German Chancellor Angela Merkel is making clear that she opposes setting new, more ambitious European emissions reduction targets for 2030. She says the continent needs to concentrate on fulfilling the aims it has already set.
The European Union wants to achieve a 40 percent cut in greenhouse gas emissions from 1990 levels by 2030. Last week, EU climate chief Miguel Arias Canete told Germany’s dpa news agency that he plans to propose increasing that to 45 percent.
But Merkel told ARD TV that said such calls, for swifter cuts to harmful carbon dioxide emissions would be counterproductive, adding that setting new goals made little sense when European countries were already struggling to meet their cuts targets.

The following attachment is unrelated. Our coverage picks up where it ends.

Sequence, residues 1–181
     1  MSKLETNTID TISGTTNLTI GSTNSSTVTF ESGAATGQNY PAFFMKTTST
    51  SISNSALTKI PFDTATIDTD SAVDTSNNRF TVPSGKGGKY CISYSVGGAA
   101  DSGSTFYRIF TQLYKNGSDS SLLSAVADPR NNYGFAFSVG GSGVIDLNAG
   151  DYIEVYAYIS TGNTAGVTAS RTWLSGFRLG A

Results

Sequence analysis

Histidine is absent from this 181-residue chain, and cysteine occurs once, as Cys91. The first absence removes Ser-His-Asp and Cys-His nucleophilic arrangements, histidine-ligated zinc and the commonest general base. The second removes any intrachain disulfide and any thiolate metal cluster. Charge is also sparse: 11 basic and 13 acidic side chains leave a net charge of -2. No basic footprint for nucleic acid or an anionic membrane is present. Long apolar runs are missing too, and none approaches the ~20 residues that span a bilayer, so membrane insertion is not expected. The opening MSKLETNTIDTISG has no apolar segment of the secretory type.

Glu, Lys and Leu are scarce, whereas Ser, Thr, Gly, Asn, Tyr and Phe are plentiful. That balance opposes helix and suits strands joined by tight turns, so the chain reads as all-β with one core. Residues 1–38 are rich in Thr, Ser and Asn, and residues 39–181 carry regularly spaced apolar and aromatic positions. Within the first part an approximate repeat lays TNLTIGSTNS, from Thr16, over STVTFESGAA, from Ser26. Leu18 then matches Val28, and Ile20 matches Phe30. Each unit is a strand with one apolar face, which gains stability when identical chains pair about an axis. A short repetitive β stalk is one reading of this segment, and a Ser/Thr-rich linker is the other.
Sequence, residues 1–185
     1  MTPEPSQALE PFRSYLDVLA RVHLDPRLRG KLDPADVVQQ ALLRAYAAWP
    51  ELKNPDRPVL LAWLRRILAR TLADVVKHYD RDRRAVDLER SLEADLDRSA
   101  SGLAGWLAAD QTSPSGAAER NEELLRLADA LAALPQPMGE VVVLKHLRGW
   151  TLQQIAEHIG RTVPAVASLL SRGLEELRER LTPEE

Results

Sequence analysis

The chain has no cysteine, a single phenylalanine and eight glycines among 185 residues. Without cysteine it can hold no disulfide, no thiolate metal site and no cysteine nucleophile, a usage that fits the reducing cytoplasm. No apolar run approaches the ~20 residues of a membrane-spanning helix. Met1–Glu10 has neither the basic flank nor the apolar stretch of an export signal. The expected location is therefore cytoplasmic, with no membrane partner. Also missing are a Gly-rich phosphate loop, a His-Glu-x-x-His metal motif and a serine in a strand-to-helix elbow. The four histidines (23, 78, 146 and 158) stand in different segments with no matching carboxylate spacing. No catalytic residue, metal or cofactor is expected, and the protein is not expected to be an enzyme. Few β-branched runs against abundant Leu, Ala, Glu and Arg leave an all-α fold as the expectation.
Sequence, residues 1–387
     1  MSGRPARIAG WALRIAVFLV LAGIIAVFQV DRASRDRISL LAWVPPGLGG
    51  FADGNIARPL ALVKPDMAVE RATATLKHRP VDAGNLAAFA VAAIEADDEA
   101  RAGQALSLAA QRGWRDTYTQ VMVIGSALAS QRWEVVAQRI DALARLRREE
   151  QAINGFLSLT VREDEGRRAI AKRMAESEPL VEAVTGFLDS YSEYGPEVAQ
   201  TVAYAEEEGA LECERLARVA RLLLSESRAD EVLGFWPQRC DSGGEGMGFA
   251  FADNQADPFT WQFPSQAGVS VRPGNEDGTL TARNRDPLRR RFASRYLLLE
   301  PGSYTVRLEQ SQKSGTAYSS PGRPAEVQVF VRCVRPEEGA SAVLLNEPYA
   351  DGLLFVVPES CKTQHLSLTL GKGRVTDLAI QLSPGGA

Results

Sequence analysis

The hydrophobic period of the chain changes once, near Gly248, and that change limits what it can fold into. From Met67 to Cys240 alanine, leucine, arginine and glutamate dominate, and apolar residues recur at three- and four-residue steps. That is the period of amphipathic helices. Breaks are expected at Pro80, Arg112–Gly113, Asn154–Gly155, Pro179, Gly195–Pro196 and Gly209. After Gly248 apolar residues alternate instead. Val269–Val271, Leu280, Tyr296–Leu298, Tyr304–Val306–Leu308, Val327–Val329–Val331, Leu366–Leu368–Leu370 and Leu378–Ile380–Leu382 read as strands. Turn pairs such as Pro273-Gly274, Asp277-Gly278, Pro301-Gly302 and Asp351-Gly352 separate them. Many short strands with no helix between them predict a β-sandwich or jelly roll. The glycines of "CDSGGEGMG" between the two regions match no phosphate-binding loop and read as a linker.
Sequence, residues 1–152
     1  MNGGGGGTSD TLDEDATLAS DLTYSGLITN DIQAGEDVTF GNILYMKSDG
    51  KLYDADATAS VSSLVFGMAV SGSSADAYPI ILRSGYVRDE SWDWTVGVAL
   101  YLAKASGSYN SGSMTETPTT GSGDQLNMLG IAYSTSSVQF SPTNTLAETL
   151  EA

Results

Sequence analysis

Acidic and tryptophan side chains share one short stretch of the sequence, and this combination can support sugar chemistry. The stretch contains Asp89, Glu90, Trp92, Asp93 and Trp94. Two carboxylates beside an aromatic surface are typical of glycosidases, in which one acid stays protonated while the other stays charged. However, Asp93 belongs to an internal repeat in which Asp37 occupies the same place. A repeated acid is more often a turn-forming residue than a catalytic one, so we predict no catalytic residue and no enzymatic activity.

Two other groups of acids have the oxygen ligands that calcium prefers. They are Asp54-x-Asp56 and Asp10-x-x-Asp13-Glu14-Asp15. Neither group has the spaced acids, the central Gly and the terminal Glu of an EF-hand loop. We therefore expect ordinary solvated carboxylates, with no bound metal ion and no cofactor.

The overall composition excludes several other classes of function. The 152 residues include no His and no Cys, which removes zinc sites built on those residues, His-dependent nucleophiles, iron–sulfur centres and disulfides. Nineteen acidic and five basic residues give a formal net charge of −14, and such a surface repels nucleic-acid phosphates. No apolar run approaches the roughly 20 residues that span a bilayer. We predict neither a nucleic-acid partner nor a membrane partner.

“I’m not particularly happy about these new proposals,” she said of Canete’s call to increase from 40 to 45 percent the scale of cuts to target by 2030.
“I think we should first stick to the goals we have already set ourselves. I don’t think permanently setting ourselves new goals makes any sense.”
Merkel’s government has already faced criticism for abandoning emissions targets it had set itself for 2020 after concluding they were unachievable, while sticking to a target it had set itself for a decade later.